Cultural Identity about myself

Running head: Adolescent’s development of cultural identity in the family

I was born in Decatur Georgia, but before the age of 8 my family moved to Norcross Georgia. My mother grew up in Decatur Georgia and my father grew up in Clayton County. My parents felt like it was about that time to find better. I am convinced that they wanted to move more towards the north. My mother wanted better for my family. I have three brothers, so being in that environment wasn’t healthy for my brothers as black boys. I am the youngest out of my siblings. When we moved to a new city it was not a challenge for us. My family blended in with the community. However, we did have. some complaints here and there because some of the neighbors thought that we were in the wrong neighborhood. My parents had high expectations for my brothers and me. My brothers and me wanted to live the rough life because we thought it was cool, so of course we had our moments at school where we would get suspended or lead our peers into doing things that was done in our old community. My parents had obligations, parental control, and did not approve of some of our relationships with our peers. My family had some minor identity crisis that created conflicts.

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Adolescent’s development of cultural identity in the family

An adolescent that grows up in a family where the family expectations, obligations, parental control, and relationships with peers, may encounter an identity crisis that creates conflicts with the family.

Adolescent’s Development of Culture Identity in the Family

Family expectations for adolescents plays a vital role for their development. parents become blind-sided when they expect an adolescent to act the way they did as a child (Pickhardt, 2010). Parents expectations of their child’s development may not correspond to what’s at hand. As an adolescent a child is in their younger stages of adulthood. once a child enters adolescences, they tend to become private and less disclosing to parents for independence sake (Pickhardt,2010). Once a child gravitates to peer relationships the communication and connection with their parents tend to fade. An adolescent seeks more comfort when parents allows them to self-express, rather than giving the adolescent their expectations. With a child having restrictions regarding expectations can ultimately cause identity crisis and family crisis.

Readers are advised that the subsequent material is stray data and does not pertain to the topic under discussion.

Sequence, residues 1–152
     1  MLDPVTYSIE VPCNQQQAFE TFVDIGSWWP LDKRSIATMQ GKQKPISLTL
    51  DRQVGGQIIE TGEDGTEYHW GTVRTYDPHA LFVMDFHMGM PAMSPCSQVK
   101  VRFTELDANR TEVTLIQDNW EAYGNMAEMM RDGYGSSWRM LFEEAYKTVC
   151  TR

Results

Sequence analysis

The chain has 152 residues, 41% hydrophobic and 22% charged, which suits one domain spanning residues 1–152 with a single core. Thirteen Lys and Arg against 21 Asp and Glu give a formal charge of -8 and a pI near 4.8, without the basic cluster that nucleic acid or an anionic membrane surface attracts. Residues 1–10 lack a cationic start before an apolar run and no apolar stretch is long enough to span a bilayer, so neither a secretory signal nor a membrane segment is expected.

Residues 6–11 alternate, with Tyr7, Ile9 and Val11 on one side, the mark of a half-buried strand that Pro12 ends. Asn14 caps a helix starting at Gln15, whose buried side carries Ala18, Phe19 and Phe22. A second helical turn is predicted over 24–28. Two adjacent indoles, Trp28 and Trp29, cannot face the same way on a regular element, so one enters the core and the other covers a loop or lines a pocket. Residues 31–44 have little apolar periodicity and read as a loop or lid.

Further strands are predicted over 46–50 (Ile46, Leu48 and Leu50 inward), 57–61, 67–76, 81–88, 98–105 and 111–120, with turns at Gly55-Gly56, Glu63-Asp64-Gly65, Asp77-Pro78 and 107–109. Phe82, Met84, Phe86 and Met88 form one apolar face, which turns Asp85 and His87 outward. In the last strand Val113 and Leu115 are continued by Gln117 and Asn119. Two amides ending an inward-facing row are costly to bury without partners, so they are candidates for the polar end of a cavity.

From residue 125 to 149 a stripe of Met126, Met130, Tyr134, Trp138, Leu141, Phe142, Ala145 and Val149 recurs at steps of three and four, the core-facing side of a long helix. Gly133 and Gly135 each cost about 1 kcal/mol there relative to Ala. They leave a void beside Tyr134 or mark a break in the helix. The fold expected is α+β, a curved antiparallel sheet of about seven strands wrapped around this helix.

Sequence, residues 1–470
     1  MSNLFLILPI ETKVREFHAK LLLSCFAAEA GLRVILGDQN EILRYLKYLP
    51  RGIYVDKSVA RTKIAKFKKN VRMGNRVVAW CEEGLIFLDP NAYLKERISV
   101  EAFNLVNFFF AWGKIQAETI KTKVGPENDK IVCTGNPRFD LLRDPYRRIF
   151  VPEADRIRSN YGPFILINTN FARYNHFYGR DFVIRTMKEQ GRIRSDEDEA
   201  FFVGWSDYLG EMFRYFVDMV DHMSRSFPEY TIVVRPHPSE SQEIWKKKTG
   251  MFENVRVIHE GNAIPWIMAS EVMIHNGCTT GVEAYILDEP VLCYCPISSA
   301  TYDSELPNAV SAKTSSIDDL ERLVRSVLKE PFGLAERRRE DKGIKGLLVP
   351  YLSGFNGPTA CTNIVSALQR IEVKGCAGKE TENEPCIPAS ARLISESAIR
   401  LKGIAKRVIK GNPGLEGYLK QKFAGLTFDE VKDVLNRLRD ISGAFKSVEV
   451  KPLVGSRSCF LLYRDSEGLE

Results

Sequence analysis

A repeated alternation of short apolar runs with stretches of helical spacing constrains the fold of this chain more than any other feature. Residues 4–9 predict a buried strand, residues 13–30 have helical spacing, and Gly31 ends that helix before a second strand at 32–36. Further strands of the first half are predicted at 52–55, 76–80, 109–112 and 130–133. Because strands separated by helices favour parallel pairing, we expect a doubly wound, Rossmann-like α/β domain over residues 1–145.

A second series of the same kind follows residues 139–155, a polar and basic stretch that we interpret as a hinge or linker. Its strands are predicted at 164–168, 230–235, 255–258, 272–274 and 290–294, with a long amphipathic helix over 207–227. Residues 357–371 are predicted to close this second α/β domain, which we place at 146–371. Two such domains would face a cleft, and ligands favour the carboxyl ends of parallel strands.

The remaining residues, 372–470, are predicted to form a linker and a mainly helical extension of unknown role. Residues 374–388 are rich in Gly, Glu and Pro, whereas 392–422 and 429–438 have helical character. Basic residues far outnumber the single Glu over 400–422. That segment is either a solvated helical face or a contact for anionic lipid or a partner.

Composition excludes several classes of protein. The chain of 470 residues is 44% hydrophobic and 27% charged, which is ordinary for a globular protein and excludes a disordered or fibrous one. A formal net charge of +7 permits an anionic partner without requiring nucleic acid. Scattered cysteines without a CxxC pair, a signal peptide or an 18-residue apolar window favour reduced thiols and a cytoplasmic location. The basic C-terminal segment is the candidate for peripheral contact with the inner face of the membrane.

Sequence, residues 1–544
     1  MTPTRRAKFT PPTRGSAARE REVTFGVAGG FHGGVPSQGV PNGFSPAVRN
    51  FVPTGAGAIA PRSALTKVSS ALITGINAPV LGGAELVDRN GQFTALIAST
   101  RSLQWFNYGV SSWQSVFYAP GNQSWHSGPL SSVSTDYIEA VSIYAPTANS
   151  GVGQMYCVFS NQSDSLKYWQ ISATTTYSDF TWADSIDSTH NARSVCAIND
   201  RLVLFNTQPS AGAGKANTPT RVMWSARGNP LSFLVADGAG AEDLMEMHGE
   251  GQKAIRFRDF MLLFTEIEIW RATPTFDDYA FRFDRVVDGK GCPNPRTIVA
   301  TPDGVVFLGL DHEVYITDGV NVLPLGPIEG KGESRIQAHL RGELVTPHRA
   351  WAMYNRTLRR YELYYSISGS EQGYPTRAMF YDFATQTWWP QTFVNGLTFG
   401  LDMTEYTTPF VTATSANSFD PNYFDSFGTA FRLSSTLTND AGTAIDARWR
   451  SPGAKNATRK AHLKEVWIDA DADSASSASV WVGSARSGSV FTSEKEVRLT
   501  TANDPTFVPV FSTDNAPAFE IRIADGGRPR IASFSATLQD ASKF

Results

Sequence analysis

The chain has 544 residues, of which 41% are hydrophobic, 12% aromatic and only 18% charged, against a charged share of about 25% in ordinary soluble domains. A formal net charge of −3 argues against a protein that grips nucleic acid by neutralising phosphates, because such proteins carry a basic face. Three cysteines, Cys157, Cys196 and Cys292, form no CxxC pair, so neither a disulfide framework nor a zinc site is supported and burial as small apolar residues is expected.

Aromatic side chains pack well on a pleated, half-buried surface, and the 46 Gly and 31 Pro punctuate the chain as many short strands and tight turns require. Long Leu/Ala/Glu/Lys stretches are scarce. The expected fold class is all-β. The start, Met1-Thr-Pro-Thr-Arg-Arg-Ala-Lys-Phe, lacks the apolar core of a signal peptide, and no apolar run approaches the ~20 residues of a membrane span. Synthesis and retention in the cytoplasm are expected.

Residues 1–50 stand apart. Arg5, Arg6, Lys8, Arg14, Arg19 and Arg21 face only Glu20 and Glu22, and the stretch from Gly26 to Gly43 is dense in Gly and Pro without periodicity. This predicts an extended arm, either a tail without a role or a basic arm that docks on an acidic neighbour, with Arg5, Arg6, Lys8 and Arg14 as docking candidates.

Parent control becomes less clear after a child becomes an adolescent. higher levels of autonomy could increase the opportunities for risky behaviors such as delinquency (Harris-McKoy,2012). Within this period of transition adolescents become less negotiable with their parents causing defiant attitudes. Regression shows that savage like parental control estimate higher results of conflicts within a family’s home (Garcia, 2018). Certain disciplinary styles may not connect with an adolescent emotion during their changes of age and life. Adolescents become less corporative when they disagree with the disciplinary actions of their parents.

Child and adolescent’s development cause complex interchanges within human evolvement and psychological adaption. Mental retardation was profound to be part of the psychiatrist’s field of adolescent’s obligations (“Roles and responsibilities of an adolescents, 1986.) Psychiatrists have found it hard to convey mental retardation in adolescents which causes a child to resist obligations. Adults holds conceptions of adolescents that they are rebellious and are oriented more towards their peers. Psychiatrists helps with early stages of challenging adolescents who are uncooperative to their parents when setting rules and guidelines. Parents tend to look pass testing for their child to seek further investigations on while their child is defiant and not obeying the obligations given.